Rouers M.,Dental faculty | Antoni D.,University of Strasbourg | Thompson A.,Middlesex University | Truntzer P.,University of Strasbourg | And 8 more authors.
Practical Radiation Oncology | Year: 2016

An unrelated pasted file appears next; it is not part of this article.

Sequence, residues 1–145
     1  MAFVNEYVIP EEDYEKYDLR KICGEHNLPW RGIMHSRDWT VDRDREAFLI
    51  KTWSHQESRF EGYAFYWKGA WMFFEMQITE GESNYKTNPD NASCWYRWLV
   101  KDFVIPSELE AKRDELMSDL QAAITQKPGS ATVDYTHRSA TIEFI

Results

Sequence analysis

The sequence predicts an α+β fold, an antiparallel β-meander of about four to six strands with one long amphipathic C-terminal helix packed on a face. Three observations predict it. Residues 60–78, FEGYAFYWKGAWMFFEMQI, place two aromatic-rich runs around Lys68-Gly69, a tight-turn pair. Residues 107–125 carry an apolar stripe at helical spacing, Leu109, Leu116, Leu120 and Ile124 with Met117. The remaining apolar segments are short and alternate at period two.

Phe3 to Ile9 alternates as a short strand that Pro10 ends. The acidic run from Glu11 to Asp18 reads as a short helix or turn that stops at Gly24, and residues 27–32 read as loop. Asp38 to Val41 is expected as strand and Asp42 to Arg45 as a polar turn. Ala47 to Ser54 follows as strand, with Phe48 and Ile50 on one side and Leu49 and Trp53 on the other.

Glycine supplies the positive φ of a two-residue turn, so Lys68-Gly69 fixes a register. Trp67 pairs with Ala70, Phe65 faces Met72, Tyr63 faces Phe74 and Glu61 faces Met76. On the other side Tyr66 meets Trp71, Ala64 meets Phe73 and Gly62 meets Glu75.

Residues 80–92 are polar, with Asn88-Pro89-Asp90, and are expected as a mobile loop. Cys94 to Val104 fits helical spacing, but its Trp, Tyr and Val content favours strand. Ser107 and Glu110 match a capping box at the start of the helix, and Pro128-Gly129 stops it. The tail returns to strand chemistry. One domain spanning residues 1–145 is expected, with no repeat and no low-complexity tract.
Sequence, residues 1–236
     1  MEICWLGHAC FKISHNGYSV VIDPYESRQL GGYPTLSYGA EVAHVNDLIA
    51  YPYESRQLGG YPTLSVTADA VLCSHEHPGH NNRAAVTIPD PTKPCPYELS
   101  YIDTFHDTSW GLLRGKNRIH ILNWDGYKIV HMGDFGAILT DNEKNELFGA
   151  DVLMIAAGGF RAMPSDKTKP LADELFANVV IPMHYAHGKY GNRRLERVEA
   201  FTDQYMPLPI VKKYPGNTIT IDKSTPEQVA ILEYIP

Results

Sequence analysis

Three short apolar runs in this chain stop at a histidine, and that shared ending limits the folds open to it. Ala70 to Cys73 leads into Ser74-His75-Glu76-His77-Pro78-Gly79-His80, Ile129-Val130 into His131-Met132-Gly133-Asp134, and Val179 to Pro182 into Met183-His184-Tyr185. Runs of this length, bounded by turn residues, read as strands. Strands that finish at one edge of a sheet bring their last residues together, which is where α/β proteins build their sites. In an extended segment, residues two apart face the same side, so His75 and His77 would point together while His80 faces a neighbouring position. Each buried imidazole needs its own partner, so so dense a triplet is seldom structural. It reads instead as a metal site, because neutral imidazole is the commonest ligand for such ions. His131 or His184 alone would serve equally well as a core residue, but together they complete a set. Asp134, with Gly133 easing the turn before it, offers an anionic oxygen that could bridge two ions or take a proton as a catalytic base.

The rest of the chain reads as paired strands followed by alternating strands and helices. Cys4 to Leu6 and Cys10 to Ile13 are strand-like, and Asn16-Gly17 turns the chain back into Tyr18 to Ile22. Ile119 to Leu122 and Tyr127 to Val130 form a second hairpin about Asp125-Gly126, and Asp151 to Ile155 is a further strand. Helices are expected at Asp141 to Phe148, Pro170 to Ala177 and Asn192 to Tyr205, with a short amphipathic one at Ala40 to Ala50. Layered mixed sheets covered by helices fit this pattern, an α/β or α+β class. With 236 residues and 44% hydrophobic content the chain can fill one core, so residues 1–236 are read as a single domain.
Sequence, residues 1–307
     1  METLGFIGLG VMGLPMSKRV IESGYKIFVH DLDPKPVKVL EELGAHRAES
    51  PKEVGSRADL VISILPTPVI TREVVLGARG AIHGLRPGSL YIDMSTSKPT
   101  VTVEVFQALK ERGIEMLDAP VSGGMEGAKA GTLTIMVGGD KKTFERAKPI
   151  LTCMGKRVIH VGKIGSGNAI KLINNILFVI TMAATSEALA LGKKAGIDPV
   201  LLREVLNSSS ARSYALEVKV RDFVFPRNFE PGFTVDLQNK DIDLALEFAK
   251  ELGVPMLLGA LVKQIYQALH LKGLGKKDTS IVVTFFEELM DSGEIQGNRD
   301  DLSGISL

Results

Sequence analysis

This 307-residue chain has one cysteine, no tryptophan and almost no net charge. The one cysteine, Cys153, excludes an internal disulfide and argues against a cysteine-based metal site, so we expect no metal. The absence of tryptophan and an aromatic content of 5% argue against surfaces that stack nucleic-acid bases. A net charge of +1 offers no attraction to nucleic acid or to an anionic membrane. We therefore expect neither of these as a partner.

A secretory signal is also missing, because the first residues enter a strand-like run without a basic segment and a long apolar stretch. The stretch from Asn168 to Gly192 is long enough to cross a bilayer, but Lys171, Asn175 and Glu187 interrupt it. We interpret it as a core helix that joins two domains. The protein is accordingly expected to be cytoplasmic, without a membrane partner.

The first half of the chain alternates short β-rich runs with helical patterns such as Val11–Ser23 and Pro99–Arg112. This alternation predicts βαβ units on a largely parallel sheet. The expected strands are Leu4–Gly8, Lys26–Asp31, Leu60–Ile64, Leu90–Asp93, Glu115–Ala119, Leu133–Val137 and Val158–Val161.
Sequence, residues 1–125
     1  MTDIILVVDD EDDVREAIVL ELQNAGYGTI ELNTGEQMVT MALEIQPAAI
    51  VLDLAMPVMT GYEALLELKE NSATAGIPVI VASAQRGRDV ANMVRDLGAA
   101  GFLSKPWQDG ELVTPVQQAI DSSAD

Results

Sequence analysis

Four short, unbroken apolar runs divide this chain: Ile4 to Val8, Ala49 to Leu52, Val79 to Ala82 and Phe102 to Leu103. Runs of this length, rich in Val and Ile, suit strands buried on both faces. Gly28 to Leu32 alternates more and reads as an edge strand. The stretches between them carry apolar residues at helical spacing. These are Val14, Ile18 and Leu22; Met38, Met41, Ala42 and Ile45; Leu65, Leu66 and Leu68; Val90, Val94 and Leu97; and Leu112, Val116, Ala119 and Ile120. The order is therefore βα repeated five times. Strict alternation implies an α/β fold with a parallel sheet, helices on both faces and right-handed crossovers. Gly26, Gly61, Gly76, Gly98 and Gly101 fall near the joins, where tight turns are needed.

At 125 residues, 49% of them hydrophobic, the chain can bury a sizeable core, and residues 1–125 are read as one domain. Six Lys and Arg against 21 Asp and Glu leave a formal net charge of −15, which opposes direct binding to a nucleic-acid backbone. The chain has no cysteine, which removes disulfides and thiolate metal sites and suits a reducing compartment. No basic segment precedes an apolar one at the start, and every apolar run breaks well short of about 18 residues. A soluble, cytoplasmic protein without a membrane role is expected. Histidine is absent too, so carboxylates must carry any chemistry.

Purpose: Dental care is crucial after irradiation of the head and neck. This care may include dental restoration, extractions, and prosthetic implantation or prosthesis adjustment. To perform these procedures safely, dentists need to know the delivered radiation dose delivered to the relevant part of the mandible and/or maxilla. We propose a simple, fast, and useful contouring technique to aid accurate recording of radiation therapy dose to the mandible and maxilla. Methods and materials: The maxilla and mandible of 2 patients, 1 dentate and 1 edentulous, have been contoured on computed tomography planning scans. The jaw has been divided into sextants (3 segments in both the mandible and maxilla) using bony landmarks. Results: We have developed a contouring atlas to aid radiation oncologists in delineating the maxilla and mandible allowing accurate recording of dose to each sextant and meaningful communication with their dental colleagues. Conclusion: Delineation of the maxilla and mandible is important if we are to improve communication between radiation oncologists and dentists regarding radiation and risk to these structures. Our method should not increase the time to delineate the organs at risk and target volumes in the head and neck area and could improve the safety of subsequent dental treatments. © 2015 American Society for Radiation Oncology. Source